Andrew Crossley, former head of failed litigious law firm ACS Law and a symbol of hatred to innocents accused of sharing a host of R-rated entertainments, has avoided a bumper fine from the Information Commissioner - by pleading poverty.
Crossley's firm was one of a number of morally questionable law firms choosing to participate in what has become known as 'speculative invoicing' - sending out threatening letters accusing the recipient of sharing copyrighted content on peer-to-peer networks.
The 'evidence' for these accusations was often no more than an IP address, and the company relied on victims choosing to cough up for it to go no further rather than risk being dragged through the courts.
As ACS Law and its compatriots in the game found their tactics under fire from consumer protection groups, the more mainstream clients - computer game publishers and music labels - dried up, forcing Crossley to look to a new source of income to fund his lavish lifestyle: pornographers.
Holders of the rights to such classic grumble flicks as To The Manor Porn and Catch Her In The Eye paid Crossley a percentage of anything he could retrieve - and recipients of his threatening letters got a new reason to cough up: nobody wants to be dragged through the courts accused of downloading hardcore smut.
An attack by anti-copyright protesters took down the company's website, and a mistake by system administrators when restoring it leaked the company's entire e-mail database - revealing the sheer extent of innocent parties targeted by Crossley's campaign of copyright cash-seeking.
It also revealed information about Crossley's personal life - including a spat with his ex-wife, a hatred of consumer rights group Which?'s legal chief Deborah Prince for her work to alert the world of Crossley's legally-questionable letter-writing campaign, and his personal crisis of whether to add a high-priced Ferarri to his garage next to a recently-purchased Bentley.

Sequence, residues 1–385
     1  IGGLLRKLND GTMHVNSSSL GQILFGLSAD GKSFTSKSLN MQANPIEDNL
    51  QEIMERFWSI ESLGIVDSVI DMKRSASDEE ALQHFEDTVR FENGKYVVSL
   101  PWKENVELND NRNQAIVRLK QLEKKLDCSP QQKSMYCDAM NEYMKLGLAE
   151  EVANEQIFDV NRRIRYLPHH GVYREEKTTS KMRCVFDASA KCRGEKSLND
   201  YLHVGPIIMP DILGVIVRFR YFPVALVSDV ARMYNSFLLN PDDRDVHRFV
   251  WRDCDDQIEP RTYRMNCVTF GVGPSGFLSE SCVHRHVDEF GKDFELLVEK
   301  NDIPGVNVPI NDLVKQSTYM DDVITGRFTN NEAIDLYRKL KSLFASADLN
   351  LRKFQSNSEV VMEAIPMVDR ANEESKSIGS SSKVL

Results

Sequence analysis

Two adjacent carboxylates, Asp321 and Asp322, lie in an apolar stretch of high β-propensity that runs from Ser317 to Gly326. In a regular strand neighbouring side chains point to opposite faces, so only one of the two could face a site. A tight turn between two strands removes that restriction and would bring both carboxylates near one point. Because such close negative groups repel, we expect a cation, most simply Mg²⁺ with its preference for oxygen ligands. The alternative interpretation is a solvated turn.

If Crossley's pleas to the Information Commissioner are true, however, the days of fast cars are long gone.
After the e-mails leaked, a spreadsheet was discovered containing the personal details of some 10,000 people targeted by the company - generating a raft of complaints to the ICO. In its finding today, ICO has confirmed that Crossley is personally guilty - by virtue of his status as a sole trader - of a failure to adhere to data protection guidelines.
The fine was supposed to be set at £200,000 - a hefty penalty, but one a reasonable distance away from the £500,000 maximum the ICO is allowed to levy. Following a plea of poverty, however, the fine has been reduced to a mere £1,000 - just half a percent of its original figure.
"A monetary penalty of £200,000 would have been imposed, given the severity of the breach," Information Commissioner Christopher Graham confirmed - but claimed that the folding of the ACS Law business had left Crossley unable to pay such a fine, following a plea of 'limited means.'
The news that Crossley has got off with a fine of a mere £1,000 will likely come as a shock to those who were bullied into paying ACS Law for indemnification from prosection - something which it is estimated was earning Crossley £180,000 a month at the height of his campaign.
It will also do nothing to repair the reputation of the Information Commissioner's Office, often seen as little more than a paper tiger.